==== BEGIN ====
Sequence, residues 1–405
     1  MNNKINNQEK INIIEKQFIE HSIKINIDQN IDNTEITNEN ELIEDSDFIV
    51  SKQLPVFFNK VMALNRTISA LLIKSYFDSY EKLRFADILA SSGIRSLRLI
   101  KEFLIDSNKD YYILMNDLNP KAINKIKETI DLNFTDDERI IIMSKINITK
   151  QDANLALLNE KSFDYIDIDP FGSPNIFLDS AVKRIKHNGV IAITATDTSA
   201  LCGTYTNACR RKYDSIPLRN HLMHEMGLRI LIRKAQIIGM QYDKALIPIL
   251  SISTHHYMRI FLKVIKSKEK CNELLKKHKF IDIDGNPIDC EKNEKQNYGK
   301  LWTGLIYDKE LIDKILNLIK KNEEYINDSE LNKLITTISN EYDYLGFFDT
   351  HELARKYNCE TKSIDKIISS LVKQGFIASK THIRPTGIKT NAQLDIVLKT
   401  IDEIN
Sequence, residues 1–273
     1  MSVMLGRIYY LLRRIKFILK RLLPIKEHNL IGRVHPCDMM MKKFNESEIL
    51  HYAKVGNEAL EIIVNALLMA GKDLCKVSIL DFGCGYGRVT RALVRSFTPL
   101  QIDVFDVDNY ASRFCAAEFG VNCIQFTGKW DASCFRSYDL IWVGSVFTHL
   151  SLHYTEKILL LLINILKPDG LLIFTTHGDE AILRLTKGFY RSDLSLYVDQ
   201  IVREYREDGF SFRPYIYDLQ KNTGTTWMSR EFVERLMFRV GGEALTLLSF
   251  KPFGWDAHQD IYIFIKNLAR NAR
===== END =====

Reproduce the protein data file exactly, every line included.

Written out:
Sequence, residues 1–405
     1  MNNKINNQEK INIIEKQFIE HSIKINIDQN IDNTEITNEN ELIEDSDFIV
    51  SKQLPVFFNK VMALNRTISA LLIKSYFDSY EKLRFADILA SSGIRSLRLI
   101  KEFLIDSNKD YYILMNDLNP KAINKIKETI DLNFTDDERI IIMSKINITK
   151  QDANLALLNE KSFDYIDIDP FGSPNIFLDS AVKRIKHNGV IAITATDTSA
   201  LCGTYTNACR RKYDSIPLRN HLMHEMGLRI LIRKAQIIGM QYDKALIPIL
   251  SISTHHYMRI FLKVIKSKEK CNELLKKHKF IDIDGNPIDC EKNEKQNYGK
   301  LWTGLIYDKE LIDKILNLIK KNEEYINDSE LNKLITTISN EYDYLGFFDT
   351  HELARKYNCE TKSIDKIISS LVKQGFIASK THIRPTGIKT NAQLDIVLKT
   401  IDEIN
Sequence, residues 1–273
     1  MSVMLGRIYY LLRRIKFILK RLLPIKEHNL IGRVHPCDMM MKKFNESEIL
    51  HYAKVGNEAL EIIVNALLMA GKDLCKVSIL DFGCGYGRVT RALVRSFTPL
   101  QIDVFDVDNY ASRFCAAEFG VNCIQFTGKW DASCFRSYDL IWVGSVFTHL
   151  SLHYTEKILL LLINILKPDG LLIFTTHGDE AILRLTKGFY RSDLSLYVDQ
   201  IVREYREDGF SFRPYIYDLQ KNTGTTWMSR EFVERLMFRV GGEALTLLSF
   251  KPFGWDAHQD IYIFIKNLAR NAR